What type of
collagen does Bowman's layer have?
◦ types 3, 5, 6, and 7 are more common in Bowman’s◦ -It does not have as much Type 1 collagen as therest of the stroma
What K dystrophy is specific to bowman's layer?
What is Bowman's
layer composed of?
- ◦ It is composed of interweaving(non-parallel)collagen fibrils that are attached to fibrils in the anterior◦ stroma◦
- o The interweaving is irregular andthe fibrils haverandom termination◦
- o This organization gives the layer toughness(tougher than the rest of stroma)
Does Bowman's layer contain keratocytes? Is it acellular or cellular layer?
An Algar brush automatically stops at what layer?
How can corneal transparency be lost?
- Altered structure
- Altered refractive index
- Energy transfer
- Produces heat
- Produces altered frequency
- Produces broken bonds (photopigment)
- Destructive interference
Goldman and Benedek's theory
A simple (single layer) epithelial tissue of
regularly arranged polygonal (mostly
This layer is leaky, allowing diffusion from aqueous into the stroma and pumps material out
Thickness of endothelium
4-6um thick from base to apex
Cell shape of endothelial cells
- polygonal; 70-75% are hexagonal which is preferential as it is thermodynamically very stable and
- strong (think benzene rings!)
Diameter of K endoth
How many endothelial cells are in young cornea and what happens with age?
500,000, decrease 0.6% per year
Newborn cornea has a cell density=
Adult cornea has a cell densit=
(Remember cell density = cell/area)
2500 to 3500cells/mm2
Minimum cell density to maintain normal endothelial function is ?
What do you need to look at besides cell density to determine endothelial health?
- Variation of cell size and # of hexagonal cells
- -Specular microscopy (looks at the reflected light and allows measurement of cell size and number)
2 stress indicators of endothelium:
1. CV of normal endothelium is approximately 0.25 and any increase in this value indicates a more variable cell area, acondition called polymegathism
2. In a healthy young cornea, 70-80% ofendothelial cells are hexagonal at their apices and a reduction in thispercentage indicates that endothelial cells are losing their shape, a conditioncalled pleomorphism
Describe organelles of K endoth
- have large nucleus, many mitochondrion (very active), many ER and Golgi (produces a
- lot of protein)
What happens when endoth cell dies
Amitotic: cell not replaced, but cells spread out and cover that area
Why is endoth tissue is amitotic?
- § Less energy is required (can use for running
- § Less chance of mutations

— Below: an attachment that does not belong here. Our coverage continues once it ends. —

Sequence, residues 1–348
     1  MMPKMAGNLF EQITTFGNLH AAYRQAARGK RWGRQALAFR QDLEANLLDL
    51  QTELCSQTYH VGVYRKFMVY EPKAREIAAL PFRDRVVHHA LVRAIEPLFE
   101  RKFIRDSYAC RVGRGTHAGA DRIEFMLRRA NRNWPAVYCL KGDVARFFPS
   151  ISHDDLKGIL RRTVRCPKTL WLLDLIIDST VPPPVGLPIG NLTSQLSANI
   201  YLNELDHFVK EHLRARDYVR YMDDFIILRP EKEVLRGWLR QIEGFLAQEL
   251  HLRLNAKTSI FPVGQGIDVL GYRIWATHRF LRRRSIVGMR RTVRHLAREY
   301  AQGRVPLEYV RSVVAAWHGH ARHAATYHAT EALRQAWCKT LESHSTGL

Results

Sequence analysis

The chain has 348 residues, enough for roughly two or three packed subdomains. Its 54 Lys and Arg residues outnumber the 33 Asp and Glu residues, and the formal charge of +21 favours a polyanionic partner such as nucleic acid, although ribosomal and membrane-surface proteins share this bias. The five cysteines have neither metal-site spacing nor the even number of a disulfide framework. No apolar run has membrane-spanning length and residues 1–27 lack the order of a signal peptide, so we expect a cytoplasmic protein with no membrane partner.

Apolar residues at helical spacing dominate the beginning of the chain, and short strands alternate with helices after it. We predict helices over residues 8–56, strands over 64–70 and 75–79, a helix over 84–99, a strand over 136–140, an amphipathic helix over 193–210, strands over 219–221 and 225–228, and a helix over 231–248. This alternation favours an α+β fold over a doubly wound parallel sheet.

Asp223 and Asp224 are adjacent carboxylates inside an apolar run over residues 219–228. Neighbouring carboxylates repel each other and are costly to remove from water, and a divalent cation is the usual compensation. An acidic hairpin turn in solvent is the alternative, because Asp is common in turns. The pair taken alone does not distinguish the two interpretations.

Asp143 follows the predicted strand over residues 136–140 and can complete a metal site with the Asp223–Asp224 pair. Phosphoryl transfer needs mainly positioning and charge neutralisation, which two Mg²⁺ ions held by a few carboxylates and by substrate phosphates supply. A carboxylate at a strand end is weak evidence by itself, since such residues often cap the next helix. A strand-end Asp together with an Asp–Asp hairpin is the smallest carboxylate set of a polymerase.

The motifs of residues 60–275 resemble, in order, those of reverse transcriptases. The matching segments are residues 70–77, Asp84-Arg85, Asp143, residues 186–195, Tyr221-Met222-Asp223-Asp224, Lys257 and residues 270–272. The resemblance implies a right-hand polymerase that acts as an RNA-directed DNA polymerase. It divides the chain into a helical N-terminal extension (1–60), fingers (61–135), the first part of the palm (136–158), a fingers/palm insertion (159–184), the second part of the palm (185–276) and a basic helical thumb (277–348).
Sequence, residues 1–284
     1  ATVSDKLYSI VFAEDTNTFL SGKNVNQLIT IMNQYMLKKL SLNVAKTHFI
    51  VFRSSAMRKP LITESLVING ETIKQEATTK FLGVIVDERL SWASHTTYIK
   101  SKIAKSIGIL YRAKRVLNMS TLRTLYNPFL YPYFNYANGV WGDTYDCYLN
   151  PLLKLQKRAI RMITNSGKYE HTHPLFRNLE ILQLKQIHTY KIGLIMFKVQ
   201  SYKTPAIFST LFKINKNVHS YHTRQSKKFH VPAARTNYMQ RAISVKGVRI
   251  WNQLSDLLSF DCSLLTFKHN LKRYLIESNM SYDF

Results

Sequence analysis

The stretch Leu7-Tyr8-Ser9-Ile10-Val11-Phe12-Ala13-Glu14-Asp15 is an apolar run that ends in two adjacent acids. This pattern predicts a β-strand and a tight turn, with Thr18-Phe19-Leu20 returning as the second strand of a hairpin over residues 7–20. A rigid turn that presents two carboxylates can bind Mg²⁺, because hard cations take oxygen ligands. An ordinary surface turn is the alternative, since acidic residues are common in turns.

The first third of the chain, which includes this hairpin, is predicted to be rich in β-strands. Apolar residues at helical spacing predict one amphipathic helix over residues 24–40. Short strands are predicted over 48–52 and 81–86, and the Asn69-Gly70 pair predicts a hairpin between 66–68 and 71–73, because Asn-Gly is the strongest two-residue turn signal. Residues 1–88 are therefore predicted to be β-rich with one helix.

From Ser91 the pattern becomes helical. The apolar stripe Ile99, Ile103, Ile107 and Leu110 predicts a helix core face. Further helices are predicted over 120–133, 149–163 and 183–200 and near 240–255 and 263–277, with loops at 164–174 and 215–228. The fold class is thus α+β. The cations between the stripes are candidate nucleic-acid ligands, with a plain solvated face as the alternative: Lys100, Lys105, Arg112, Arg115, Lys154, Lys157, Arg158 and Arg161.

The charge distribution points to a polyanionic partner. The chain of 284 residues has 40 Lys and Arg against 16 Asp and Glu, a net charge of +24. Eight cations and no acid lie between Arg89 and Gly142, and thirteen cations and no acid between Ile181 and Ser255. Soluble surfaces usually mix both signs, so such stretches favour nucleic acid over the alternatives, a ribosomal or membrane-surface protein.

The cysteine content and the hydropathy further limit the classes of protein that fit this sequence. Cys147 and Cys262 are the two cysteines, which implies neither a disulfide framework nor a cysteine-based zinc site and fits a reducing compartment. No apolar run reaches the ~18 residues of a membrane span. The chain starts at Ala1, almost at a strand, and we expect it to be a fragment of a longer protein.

- § Would slough off endothelial cells like the
- epithelial cells do and where would they go?
Factors that cause alterations, both polymegathism and pleomorphism, in the K endothelial mosaic:
- 1. Age
- 2. Surgery (see details in notes)
- 3. Keratoconus
- 4. DM
- 5. Ocular HTN (causes a decr in cell density)
- 6. CL use
Lateral linkage of endothelial cells is via ...
interdigitations,Macula Occludens, and gap junctions
How many Na+ to K is moved by na/k/atpase pumps?
3 Na+ for every K+
Besides Na and K what is also transported thru endoth pumps?
- Hydrogen, bicarbonate, and water are also
- o Water follows along with the sodium, helping the corneal stroma to retain its dehydrated state
What is the basal lamina of the Endoth?
Thickness of Descemet's at birth
What is the anterior banded layer?
- at birth, This
- portion of Descemet’s is composed of collagen types 4 and 8, and remains distinct throughout life as the anterior
- banded layer
As a person ages, the endothelial cells continually
add new material (at a rate of 1-2 um/decade; increases in width) to the
posterior surface of Descemet’s, which forms the
posterior un-banded layer
thickness of entire Descemet's as an adult
Descemet’s is connected to stroma how?
- anteriorly to the stroma via collagen fibrils that run between thelayers
- § Posteriorly, it connects to the endothelial
- cells via Fibronectin adhesion, NOT
What is a normal finding in peripheral endothelium
- Hassal-Henle bodies
- § Small white hyaline outgrowths on Descemet’s membrane, on the inside surface of the
- cornea in its periphery; normal aging change
- § CL patients may present with them sooner than
Name 5 disorders of Descemet's membrane
- 1. Guttata
- 2. Fuch's dystrophy
- 3. Posterior polymorphous dystrophy
- 4. Descemetocele
- 5. Descemet's rupture
What happens as corneal hydration increases
- interfibrillary distance increases, thickness
- increases, and light scatter increases (the only factor that affects thickness is hydration)
- stromal hydration increases linearly with stromal thickness
What is normal hydration of the cornea
Factors that support an increase in hydration:
- · Tendency of stroma to imbibe water (take inwater) and swell
- Structural capacity for swelling, based uponits extracellular natureo Sincethere are lots of fibers etc. (not completely cellular); there is space for itto swell·
- IOP forces water from aqueous into the stroma (bulk flow)·
- Homeostatic characteristic of stromao Waterheld into place due to the negative charge of GAG’s
Factors that support a decrease in hydration
- 1. Structural limits on swelling·
- 2. Action of pumps·
- 3. Tear film osmolarity has a slight effecto As thetear film evaporates, water is evaporating, and solutes are left behind à tear film is hypertonic and fluid leavesstroma to make the tear film isotonic again·
- 4. Cell-to-cell barriers and junctions
Swelling pressure is equal to ?
the force necessary to prevent swelling at a given level of hydration
What is equilibium point of swelling pressure?
If you increase thickness/hydration what happens to swelling pressure?
- (inverse relationship)
What is a measure
of hydration and can be thought of as the pressure that results from stromal water uptake or the pressure from just being more full (pushback pressure)?